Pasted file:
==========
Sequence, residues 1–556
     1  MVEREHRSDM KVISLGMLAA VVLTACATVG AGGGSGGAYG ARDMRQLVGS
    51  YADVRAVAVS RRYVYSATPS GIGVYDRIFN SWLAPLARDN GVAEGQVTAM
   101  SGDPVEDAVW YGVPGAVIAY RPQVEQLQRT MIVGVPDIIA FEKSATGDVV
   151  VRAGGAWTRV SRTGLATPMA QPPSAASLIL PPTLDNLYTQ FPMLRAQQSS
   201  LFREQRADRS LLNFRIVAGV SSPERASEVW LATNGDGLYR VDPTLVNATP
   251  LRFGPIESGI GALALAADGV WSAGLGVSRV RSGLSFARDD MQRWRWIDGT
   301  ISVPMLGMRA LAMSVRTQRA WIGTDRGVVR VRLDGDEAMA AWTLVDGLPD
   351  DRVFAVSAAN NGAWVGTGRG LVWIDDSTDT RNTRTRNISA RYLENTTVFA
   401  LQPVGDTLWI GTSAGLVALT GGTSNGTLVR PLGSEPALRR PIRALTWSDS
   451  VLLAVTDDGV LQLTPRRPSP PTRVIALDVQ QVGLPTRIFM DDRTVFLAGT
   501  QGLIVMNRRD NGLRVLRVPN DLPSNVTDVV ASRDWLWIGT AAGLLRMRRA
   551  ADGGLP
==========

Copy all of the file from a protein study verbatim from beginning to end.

Sequence, residues 1–556
     1  MVEREHRSDM KVISLGMLAA VVLTACATVG AGGGSGGAYG ARDMRQLVGS
    51  YADVRAVAVS RRYVYSATPS GIGVYDRIFN SWLAPLARDN GVAEGQVTAM
   101  SGDPVEDAVW YGVPGAVIAY RPQVEQLQRT MIVGVPDIIA FEKSATGDVV
   151  VRAGGAWTRV SRTGLATPMA QPPSAASLIL PPTLDNLYTQ FPMLRAQQSS
   201  LFREQRADRS LLNFRIVAGV SSPERASEVW LATNGDGLYR VDPTLVNATP
   251  LRFGPIESGI GALALAADGV WSAGLGVSRV RSGLSFARDD MQRWRWIDGT
   301  ISVPMLGMRA LAMSVRTQRA WIGTDRGVVR VRLDGDEAMA AWTLVDGLPD
   351  DRVFAVSAAN NGAWVGTGRG LVWIDDSTDT RNTRTRNISA RYLENTTVFA
   401  LQPVGDTLWI GTSAGLVALT GGTSNGTLVR PLGSEPALRR PIRALTWSDS
   451  VLLAVTDDGV LQLTPRRPSP PTRVIALDVQ QVGLPTRIFM DDRTVFLAGT
   501  QGLIVMNRRD NGLRVLRVPN DLPSNVTDVV ASRDWLWIGT AAGLLRMRRA
   551  ADGGLP